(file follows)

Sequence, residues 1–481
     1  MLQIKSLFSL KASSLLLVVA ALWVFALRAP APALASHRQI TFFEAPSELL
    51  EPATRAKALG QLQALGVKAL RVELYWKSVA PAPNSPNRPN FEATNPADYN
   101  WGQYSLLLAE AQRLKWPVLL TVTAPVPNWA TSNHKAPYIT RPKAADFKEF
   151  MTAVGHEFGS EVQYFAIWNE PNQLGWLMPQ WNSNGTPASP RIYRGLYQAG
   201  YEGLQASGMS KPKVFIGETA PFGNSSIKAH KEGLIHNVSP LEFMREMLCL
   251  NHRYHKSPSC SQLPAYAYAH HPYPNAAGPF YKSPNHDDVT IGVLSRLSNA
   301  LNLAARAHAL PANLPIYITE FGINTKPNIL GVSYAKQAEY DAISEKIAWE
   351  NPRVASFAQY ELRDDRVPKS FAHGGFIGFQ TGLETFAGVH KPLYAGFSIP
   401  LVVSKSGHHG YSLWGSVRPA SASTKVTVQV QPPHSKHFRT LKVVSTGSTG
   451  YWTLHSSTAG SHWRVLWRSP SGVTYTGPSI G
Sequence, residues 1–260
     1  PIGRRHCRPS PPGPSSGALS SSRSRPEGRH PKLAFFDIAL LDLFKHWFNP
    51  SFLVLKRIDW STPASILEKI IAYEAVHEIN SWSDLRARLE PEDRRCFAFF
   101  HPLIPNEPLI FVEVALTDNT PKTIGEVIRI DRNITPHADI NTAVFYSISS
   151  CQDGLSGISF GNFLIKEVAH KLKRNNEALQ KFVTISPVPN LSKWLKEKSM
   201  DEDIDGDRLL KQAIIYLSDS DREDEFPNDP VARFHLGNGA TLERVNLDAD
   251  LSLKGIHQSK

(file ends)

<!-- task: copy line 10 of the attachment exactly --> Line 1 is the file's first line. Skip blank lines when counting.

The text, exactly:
   401  LVVSKSGHHG YSLWGSVRPA SASTKVTVQV QPPHSKHFRT LKVVSTGSTG